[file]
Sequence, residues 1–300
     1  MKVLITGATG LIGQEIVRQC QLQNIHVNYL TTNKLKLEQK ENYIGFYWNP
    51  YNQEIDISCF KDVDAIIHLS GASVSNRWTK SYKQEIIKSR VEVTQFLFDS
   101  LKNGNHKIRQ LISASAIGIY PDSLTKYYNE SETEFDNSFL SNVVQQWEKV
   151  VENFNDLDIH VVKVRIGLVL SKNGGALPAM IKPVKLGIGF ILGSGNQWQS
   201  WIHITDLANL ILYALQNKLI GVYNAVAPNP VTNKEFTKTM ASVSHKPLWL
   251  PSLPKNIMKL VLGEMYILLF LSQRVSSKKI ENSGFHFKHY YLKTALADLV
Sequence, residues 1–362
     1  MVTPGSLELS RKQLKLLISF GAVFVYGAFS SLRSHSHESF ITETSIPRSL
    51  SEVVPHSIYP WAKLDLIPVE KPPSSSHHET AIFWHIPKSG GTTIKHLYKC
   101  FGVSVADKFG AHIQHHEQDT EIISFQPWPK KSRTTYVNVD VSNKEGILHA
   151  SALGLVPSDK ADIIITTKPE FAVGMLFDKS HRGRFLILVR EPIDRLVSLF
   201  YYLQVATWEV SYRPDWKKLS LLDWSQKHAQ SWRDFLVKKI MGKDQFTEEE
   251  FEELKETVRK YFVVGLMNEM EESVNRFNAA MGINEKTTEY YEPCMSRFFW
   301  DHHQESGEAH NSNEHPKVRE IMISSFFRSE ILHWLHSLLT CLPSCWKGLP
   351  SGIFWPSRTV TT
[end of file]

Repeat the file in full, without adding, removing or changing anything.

Sequence, residues 1–300
     1  MKVLITGATG LIGQEIVRQC QLQNIHVNYL TTNKLKLEQK ENYIGFYWNP
    51  YNQEIDISCF KDVDAIIHLS GASVSNRWTK SYKQEIIKSR VEVTQFLFDS
   101  LKNGNHKIRQ LISASAIGIY PDSLTKYYNE SETEFDNSFL SNVVQQWEKV
   151  VENFNDLDIH VVKVRIGLVL SKNGGALPAM IKPVKLGIGF ILGSGNQWQS
   201  WIHITDLANL ILYALQNKLI GVYNAVAPNP VTNKEFTKTM ASVSHKPLWL
   251  PSLPKNIMKL VLGEMYILLF LSQRVSSKKI ENSGFHFKHY YLKTALADLV
Sequence, residues 1–362
     1  MVTPGSLELS RKQLKLLISF GAVFVYGAFS SLRSHSHESF ITETSIPRSL
    51  SEVVPHSIYP WAKLDLIPVE KPPSSSHHET AIFWHIPKSG GTTIKHLYKC
   101  FGVSVADKFG AHIQHHEQDT EIISFQPWPK KSRTTYVNVD VSNKEGILHA
   151  SALGLVPSDK ADIIITTKPE FAVGMLFDKS HRGRFLILVR EPIDRLVSLF
   201  YYLQVATWEV SYRPDWKKLS LLDWSQKHAQ SWRDFLVKKI MGKDQFTEEE
   251  FEELKETVRK YFVVGLMNEM EESVNRFNAA MGINEKTTEY YEPCMSRFFW
   301  DHHQESGEAH NSNEHPKVRE IMISSFFRSE ILHWLHSLLT CLPSCWKGLP
   351  SGIFWPSRTV TT